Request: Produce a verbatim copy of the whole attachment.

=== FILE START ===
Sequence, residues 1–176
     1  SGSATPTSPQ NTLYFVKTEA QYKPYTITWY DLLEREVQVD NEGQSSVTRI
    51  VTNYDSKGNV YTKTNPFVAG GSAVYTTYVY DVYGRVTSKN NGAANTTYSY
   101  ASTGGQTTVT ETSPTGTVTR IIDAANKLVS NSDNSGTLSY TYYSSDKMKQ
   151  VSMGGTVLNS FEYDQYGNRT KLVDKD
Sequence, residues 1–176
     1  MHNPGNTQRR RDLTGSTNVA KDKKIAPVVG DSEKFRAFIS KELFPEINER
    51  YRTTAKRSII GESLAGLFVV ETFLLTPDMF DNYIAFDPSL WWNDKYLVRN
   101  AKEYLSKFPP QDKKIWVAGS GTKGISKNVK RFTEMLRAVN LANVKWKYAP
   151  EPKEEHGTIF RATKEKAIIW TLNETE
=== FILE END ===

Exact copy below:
Sequence, residues 1–176
     1  SGSATPTSPQ NTLYFVKTEA QYKPYTITWY DLLEREVQVD NEGQSSVTRI
    51  VTNYDSKGNV YTKTNPFVAG GSAVYTTYVY DVYGRVTSKN NGAANTTYSY
   101  ASTGGQTTVT ETSPTGTVTR IIDAANKLVS NSDNSGTLSY TYYSSDKMKQ
   151  VSMGGTVLNS FEYDQYGNRT KLVDKD
Sequence, residues 1–176
     1  MHNPGNTQRR RDLTGSTNVA KDKKIAPVVG DSEKFRAFIS KELFPEINER
    51  YRTTAKRSII GESLAGLFVV ETFLLTPDMF DNYIAFDPSL WWNDKYLVRN
   101  AKEYLSKFPP QDKKIWVAGS GTKGISKNVK RFTEMLRAVN LANVKWKYAP
   151  EPKEEHGTIF RATKEKAIIW TLNETE